The idea of continuous deployment of your Sitecore website may seem daunting, but we're here to tell you that not only can you do it, it will improve your deployment and streamline your processes.

My favourite topic these days is trying to get folks to move over to a continuous deployment model where each code check-in goes straight to production. Mike Brittain, from Etsy, got me hooked back when I attended the 2013 ALM Summit and he did his presentation on “The Dirty Details” of continuous deployment.

Essentially, he broke my brain by explaining that they didn’t have a test environment.


Yes. They deploy straight to production, multiple times per day and many multiples of times. The risk-aversion side of my brain was freaking out. How can you do this? What about the bugs?

Guess what? If you can fix a bug in 15 minutes and have it back in production 15 minutes after that, it doesn’t really matter. You’ve got 30 minutes between the time somebody notices an issue to when it’s resolved. Imagine your current process to get a fix to production, does it even come close?

Sitecore continuous deployment

There’s no way that would work for me

Let me be frank: you're probably wrong. Unless you are running a website where somebody will have serious financial, legal, or health consequences from a bug, you are not running critical software. The site may be critical to your business, but your uptime requirements are probably in the realm of allowing an hour or so of downtime each month, therefore you can likely afford a bug here and there.

What you probably can't afford is to spend a large portion of your marketing or IT budget and not get anything for it.

Continuous deployment solves that problem by putting what you are paying for directly into your revenue stream. Realistically, you will probably still hide a lot of it until the work is finished, or a package of features are available together, but at that point the power is in your hands to make it available to your users.

If it’s not tested, it’s not done.

I agree, completely. In fact, I usually enforce that a review of any user story work be a part of the definition of done. Automated testing is your friend here, and you can invest in it on an ongoing basis to build up the amount of checks you do before code lands on the production server. Unit testing will build your base, then build on that with automated UI flows, integration tests, and regression tests. By the time all these tests run, there’s very little that hasn’t been checked.

To be safe, you can hide stuff in production so that only testers can see it until you are sure.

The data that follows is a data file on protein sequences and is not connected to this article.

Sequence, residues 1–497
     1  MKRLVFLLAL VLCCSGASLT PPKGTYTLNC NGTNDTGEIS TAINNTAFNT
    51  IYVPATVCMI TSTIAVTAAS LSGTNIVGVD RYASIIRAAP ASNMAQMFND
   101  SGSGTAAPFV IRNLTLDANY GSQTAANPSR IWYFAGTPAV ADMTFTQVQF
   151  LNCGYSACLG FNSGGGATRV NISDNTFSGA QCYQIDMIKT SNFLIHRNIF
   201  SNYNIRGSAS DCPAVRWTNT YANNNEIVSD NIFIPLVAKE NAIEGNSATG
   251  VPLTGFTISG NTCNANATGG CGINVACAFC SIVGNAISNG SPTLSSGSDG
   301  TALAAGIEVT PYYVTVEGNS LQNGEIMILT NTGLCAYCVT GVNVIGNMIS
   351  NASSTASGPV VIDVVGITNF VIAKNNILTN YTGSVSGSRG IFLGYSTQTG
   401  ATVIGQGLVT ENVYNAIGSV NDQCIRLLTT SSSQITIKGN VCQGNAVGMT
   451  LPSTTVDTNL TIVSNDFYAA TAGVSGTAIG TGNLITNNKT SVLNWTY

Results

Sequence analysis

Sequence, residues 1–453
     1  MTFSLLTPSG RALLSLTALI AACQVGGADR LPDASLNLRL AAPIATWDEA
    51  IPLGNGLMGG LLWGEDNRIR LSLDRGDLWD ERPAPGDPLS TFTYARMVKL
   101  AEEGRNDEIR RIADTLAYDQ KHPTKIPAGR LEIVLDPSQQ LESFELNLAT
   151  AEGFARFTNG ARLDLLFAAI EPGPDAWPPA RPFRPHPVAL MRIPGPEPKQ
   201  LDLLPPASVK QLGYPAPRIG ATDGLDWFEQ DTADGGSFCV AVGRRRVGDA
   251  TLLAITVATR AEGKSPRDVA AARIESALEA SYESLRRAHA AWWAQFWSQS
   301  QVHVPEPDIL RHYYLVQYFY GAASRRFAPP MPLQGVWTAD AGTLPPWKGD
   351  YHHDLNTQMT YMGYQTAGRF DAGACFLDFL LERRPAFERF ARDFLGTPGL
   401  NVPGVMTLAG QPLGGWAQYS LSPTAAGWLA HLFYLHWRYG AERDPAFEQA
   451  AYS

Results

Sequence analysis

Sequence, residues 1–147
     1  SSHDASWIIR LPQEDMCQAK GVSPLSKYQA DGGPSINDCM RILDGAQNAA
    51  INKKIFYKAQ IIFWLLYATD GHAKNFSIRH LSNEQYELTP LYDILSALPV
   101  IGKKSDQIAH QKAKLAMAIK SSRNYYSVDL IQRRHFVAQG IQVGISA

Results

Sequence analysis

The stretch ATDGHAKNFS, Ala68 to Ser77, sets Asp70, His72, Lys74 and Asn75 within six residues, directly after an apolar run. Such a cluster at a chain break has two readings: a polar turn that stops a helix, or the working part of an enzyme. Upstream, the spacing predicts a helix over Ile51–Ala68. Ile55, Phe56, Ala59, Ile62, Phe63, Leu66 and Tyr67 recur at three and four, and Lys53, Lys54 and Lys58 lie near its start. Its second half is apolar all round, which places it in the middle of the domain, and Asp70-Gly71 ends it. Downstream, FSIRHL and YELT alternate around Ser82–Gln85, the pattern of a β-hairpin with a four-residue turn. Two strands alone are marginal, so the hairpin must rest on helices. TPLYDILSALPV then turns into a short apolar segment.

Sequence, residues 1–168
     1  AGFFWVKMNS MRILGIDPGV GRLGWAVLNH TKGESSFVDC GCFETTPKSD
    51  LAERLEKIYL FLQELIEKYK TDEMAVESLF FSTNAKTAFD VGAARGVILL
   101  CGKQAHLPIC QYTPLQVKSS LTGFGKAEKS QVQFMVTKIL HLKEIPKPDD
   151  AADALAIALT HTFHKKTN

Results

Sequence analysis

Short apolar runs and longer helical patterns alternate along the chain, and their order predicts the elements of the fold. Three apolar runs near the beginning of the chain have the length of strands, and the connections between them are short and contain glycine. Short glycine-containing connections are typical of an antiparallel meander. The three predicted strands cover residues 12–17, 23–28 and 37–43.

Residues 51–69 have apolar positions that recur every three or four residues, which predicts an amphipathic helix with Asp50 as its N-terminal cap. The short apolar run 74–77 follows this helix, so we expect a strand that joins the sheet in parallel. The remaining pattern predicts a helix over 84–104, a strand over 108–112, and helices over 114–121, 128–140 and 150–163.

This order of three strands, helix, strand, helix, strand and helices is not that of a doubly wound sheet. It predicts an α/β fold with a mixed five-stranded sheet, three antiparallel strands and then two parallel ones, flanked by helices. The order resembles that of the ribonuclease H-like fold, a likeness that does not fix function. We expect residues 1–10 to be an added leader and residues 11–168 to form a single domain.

How will I know if something is wrong?

This is where things start getting difficult. With this model, it's inevitable that something will slip through, and because it is in production you'll need to resolve immediately; monitoring becomes incredibly important. We need to be able to have monitors telling us if layouts are broken, if Sitecore is throwing unexpected errors, if indexes are not rebuilding, or if the job queue is getting backed up.

There may also be transactional portions of the site that we need to monitor to ensure that traffic and activity has not drastically dropped off due to some unknown issue in the business logic.

Planning for these monitors is really important, and needs to be done before getting rid of all our staging environments.

What about database changes?

Yup, you are right. This one sucks. At this point, we have no more testing environments, and the developers are changing templates, adding fields, adding new sublayouts, and all kinds of things to the database. We can use tools to directly deploy these changes to production, but how will this affect the production content of the site?

There is no easy solution here. For each case, there is a different approach. I’ve recently blogged about how you can handle templates and sublayouts for continuous deployment, but even there you have no full-proof solution. At some point, we have to accept that something might just break.

And then we’ll fix it.

This sounds risky

How many times has a deployment gone incorrectly? How many times have you found out somebody “missed” something pushing from one environment to another one? Mistakes happen. However, when those mistakes happen you usually are pushing 3-6 months of work at once, and losing the benefit of all of it when you have to roll back or fix it on the fly.

If you are deploying one single change directly to production, you are getting feedback faster from all of your testers, including your users. If it all goes well, you are also gaining the benefits of the change immediately. If we start building our software more incrementally, and doing it faster and better, doesn't everybody benefit? 

Also, don’t underestimate the power of removing the test environment from the equation to suddenly make developers check their code a little bit more before checking it in :)

Some other reads to help you tackle the beast:

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